This book is a collection of essays that had their genesis in lectures delivered at a week-long conference on “America and the Western Tradition,” in Colonial Williamsburg in 1998. The Intercollegiate Studies Institute (ISI) brought together some of the best students and college faculty in the country to explore the Western roots of the American constitutional order. Professor Gary L. Gregg, who holds the Mitch McConnell Chair in Leadership at the University of Louisville, has written a fine introduction and done a superb job in editing the ten well-crafted essays that make up the volume.
The various authors do not subscribe to the popularized notion that everything is relative; nor do they call true whatever happens to be useful in achieving political goals, whether conservative or “liberal”—including certain progressive constructions of history. Instead, they explain and reflect on the long tradition of Western civilization and culture of which America is part. As Gregg states in his introduction, “America is a multicultural nation because it is a Western nation and it is in that Western heritage that our values and our institutions find their roots and continuing vitality.” The Founding generation also contributed to Western tradition and, in that sense, our inheritance is both Western and uniquely American.
In that vein, Wilfred McClay opens the collection with a question: “Is America an Experiment?” His is an interesting discussion, because the word “experiment” actually occurs in 24 of The Federalist papers. McClay uses the language of Washington, Hamilton, and others to demonstrate the degree to which the Founders believed America was “experimental.” The connotations of their day reduce the spirit of radical experimentation substantially. Their “declaration of independence” was political; it was independence not from every stable arrangement, tradition, or given, and the states were to be “laboratories of democracy” only within very serious constraints.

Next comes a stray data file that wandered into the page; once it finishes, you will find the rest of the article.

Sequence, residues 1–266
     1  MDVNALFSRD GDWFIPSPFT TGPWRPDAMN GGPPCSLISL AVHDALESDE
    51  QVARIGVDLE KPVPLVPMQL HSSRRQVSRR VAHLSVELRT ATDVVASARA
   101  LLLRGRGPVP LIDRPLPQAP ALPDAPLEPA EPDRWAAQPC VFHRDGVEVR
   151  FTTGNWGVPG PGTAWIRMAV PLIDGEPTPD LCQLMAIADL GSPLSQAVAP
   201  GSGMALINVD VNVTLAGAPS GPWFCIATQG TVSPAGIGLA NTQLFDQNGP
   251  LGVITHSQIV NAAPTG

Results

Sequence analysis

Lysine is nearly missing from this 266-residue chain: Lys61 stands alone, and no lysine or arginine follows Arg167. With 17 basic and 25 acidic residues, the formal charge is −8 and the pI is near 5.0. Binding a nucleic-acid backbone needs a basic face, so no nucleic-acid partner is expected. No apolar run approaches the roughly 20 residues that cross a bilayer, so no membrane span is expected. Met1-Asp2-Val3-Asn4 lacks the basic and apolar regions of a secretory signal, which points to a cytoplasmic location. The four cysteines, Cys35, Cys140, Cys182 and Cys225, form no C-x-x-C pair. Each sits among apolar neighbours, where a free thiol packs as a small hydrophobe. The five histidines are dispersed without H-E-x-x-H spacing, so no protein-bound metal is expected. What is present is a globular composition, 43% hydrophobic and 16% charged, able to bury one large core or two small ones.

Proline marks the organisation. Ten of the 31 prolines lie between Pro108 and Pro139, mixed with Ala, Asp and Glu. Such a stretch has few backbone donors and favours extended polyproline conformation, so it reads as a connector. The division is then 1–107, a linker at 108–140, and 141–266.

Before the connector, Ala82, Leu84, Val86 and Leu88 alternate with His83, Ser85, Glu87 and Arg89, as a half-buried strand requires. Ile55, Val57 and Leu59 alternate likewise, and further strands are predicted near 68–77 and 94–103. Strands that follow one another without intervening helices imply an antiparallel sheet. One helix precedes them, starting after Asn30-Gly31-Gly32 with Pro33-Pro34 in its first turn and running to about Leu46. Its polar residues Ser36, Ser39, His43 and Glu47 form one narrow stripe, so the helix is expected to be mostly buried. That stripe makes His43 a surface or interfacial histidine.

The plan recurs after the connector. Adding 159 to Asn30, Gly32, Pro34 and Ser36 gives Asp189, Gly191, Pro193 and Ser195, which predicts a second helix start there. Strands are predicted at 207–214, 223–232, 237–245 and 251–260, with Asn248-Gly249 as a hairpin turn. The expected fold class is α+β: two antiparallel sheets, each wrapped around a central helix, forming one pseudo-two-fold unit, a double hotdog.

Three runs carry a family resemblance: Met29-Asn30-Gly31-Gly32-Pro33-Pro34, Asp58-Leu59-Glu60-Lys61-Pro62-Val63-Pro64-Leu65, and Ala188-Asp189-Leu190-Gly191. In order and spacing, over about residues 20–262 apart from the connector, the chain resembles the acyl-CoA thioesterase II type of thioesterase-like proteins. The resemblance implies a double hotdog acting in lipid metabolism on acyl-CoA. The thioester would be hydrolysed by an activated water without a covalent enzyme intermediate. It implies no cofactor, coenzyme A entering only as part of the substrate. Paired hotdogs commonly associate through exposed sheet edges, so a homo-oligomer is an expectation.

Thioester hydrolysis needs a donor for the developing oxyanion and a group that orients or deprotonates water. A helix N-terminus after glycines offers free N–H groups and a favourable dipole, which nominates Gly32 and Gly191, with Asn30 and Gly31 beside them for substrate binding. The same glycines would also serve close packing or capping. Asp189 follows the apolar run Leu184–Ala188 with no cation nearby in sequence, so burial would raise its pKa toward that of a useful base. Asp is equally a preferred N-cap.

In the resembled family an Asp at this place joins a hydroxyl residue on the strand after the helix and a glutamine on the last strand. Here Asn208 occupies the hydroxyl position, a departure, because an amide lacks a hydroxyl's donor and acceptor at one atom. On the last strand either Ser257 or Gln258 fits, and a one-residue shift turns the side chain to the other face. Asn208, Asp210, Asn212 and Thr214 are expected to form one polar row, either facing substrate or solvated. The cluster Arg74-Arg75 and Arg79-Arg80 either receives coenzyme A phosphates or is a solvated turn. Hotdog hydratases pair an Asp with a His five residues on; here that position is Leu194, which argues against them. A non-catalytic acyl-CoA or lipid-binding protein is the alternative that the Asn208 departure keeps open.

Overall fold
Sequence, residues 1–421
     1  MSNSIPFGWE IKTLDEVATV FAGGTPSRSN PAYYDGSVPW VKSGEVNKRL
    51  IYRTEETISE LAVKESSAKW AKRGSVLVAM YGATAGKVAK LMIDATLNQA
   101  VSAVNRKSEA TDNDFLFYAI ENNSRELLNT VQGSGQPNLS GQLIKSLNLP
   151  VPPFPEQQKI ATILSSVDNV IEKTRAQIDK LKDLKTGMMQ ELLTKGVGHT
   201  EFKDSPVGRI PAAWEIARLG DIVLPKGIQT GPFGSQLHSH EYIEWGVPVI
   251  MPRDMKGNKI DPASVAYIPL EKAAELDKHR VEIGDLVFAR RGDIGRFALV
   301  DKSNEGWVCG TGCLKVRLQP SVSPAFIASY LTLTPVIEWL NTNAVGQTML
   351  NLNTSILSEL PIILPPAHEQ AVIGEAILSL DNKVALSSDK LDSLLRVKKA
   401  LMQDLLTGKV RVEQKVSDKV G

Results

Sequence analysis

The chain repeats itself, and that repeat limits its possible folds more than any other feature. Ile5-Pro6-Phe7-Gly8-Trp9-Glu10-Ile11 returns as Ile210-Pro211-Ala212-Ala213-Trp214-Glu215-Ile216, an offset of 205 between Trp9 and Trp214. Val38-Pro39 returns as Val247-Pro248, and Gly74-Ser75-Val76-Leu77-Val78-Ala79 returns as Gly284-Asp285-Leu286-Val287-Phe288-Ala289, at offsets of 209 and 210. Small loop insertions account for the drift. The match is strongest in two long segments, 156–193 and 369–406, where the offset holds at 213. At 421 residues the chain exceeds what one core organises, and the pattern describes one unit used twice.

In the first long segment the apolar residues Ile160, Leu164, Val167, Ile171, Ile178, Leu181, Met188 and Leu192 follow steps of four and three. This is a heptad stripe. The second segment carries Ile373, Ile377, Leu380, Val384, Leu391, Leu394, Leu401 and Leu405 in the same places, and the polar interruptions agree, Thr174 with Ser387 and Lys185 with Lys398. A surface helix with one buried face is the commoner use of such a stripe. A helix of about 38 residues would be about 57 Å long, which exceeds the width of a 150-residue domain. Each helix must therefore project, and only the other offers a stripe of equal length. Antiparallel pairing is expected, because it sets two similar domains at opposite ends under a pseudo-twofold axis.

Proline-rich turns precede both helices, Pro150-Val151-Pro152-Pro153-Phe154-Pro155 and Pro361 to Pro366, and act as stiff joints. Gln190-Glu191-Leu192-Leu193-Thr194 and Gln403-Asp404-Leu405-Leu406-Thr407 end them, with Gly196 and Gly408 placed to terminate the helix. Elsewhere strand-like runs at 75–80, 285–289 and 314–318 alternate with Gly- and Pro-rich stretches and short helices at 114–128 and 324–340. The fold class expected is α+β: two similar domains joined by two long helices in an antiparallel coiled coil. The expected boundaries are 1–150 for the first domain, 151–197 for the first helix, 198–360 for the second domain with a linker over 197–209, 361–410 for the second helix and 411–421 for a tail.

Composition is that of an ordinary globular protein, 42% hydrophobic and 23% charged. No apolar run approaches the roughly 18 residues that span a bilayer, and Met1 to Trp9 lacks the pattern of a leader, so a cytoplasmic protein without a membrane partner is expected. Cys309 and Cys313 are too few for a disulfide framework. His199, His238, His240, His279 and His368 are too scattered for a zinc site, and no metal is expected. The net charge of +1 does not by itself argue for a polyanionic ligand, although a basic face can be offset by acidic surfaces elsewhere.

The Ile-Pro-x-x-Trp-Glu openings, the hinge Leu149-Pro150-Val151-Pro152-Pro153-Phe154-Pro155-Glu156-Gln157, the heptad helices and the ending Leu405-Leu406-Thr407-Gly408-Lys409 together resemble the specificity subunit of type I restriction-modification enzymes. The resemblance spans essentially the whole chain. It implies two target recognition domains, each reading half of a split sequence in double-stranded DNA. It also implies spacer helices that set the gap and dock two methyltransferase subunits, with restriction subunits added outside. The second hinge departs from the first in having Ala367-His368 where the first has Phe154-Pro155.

E. Christian Kopff demonstrates the important influence the classics had on the Founding generation, though mediated by Christianity and American experience. To the extent we fail to understand a basic Western canon, including the classics and tenets of Christianity, we are distanced from our Founders’ vision and philosophy. Indeed, Graham Walker contends in his essay that our constitutional order was grounded in Augustinian theology, which came to frame an American notion of common sense.
Robert George sees the Founders as dedicated to a natural-law understanding of politics, albeit one that did not necessitate judicial enforcement of principles not found in the Constitution. The Founders’ natural law did not embrace expansive judicial review or judicial activism at the expense of legislatures and states. It meant, rather, that certain crucial aspects of human endeavor were not subject to political dictates at all.
Barry Alan Shain examines several understandings of the concept of liberty used in the eighteenth century. In every case, the notion of liberty is consistent with a Western, communally based understanding in which rights are married to responsibilities. To the Founders, liberty was restrained by moral purpose and “framed by traditional Anglo-American presuppositions of a divinely ordered universe in which the twin antitheses to liberty were tyranny and licentiousness.” Donald Livingston agrees and takes issue with so-called Enlightenment politics. He shows that an alternate, “medieval” tradition espoused byJohannes Althusias and David Hume is actually the correct idiom for America’s founding. The American constitutional order embraced divided sovereignty and recognized the legitimacy of independent social authorities, as well as the right to resistance.
Bruce Frohnen states the American Revolution was in fact a conserving war, which sought to re-establish the balanced constitution of post-1688 England. In this light, independence was hardly based on abstractions, nor was it a design to remake society. One such design, however, is examined by Peter Lawler. His concluding essay penetrates the postmodern attempt to create a therapeutic society. The therapeutic society is an American “experiment” divorced from actual history, not even rational in the Socratic sense. It seeks to produce universal prosperity and equality and to eradicate all human experience of unpleasantness.
Lawler brings the point home, but danger is implicit in all the essays, lest we sell our inheritance for the “pottage of the hour.” This book aims to revitalize and to reappropriate select remnants of America’s shared past, to call into question widespread cultural celebration of the unreflective approval of things new and “modern.” For once we forget totally, all things are indeed possible—pernicious, as well as benign. The amnesia of our day is a dread and potentially deadly malady. Vital Remnants is tonic for it—and for postmodern reformulations against the principles of ordered liberty and truth of human existence that watchfully wait our sleep.
Wesley Allen Riddle is fellow at the National Humanities Institute in Washington, D.C., and a correspondent for Fragments magazine. His publications include The American Political Tradition (FEE, 1996).